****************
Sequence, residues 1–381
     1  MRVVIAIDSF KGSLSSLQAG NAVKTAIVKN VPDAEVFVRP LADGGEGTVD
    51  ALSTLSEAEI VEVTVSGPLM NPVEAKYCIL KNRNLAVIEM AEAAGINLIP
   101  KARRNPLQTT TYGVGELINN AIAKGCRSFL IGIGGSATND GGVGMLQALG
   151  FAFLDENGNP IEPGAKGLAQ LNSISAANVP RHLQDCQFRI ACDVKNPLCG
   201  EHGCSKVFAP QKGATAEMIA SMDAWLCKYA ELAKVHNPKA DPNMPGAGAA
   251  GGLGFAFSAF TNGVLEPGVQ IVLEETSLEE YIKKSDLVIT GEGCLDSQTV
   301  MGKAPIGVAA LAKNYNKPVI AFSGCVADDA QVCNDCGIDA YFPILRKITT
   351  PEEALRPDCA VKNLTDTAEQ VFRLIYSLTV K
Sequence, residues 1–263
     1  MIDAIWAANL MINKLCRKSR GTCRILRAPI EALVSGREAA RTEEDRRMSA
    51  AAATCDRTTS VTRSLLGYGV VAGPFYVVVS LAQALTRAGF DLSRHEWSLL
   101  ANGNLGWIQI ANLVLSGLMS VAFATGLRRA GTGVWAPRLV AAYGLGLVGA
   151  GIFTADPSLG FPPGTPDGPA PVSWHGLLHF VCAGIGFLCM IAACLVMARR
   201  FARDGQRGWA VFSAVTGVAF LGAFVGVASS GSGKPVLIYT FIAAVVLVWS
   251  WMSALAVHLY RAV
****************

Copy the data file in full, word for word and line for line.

Sequence, residues 1–381
     1  MRVVIAIDSF KGSLSSLQAG NAVKTAIVKN VPDAEVFVRP LADGGEGTVD
    51  ALSTLSEAEI VEVTVSGPLM NPVEAKYCIL KNRNLAVIEM AEAAGINLIP
   101  KARRNPLQTT TYGVGELINN AIAKGCRSFL IGIGGSATND GGVGMLQALG
   151  FAFLDENGNP IEPGAKGLAQ LNSISAANVP RHLQDCQFRI ACDVKNPLCG
   201  EHGCSKVFAP QKGATAEMIA SMDAWLCKYA ELAKVHNPKA DPNMPGAGAA
   251  GGLGFAFSAF TNGVLEPGVQ IVLEETSLEE YIKKSDLVIT GEGCLDSQTV
   301  MGKAPIGVAA LAKNYNKPVI AFSGCVADDA QVCNDCGIDA YFPILRKITT
   351  PEEALRPDCA VKNLTDTAEQ VFRLIYSLTV K
Sequence, residues 1–263
     1  MIDAIWAANL MINKLCRKSR GTCRILRAPI EALVSGREAA RTEEDRRMSA
    51  AAATCDRTTS VTRSLLGYGV VAGPFYVVVS LAQALTRAGF DLSRHEWSLL
   101  ANGNLGWIQI ANLVLSGLMS VAFATGLRRA GTGVWAPRLV AAYGLGLVGA
   151  GIFTADPSLG FPPGTPDGPA PVSWHGLLHF VCAGIGFLCM IAACLVMARR
   201  FARDGQRGWA VFSAVTGVAF LGAFVGVASS GSGKPVLIYT FIAAVVLVWS
   251  WMSALAVHLY RAV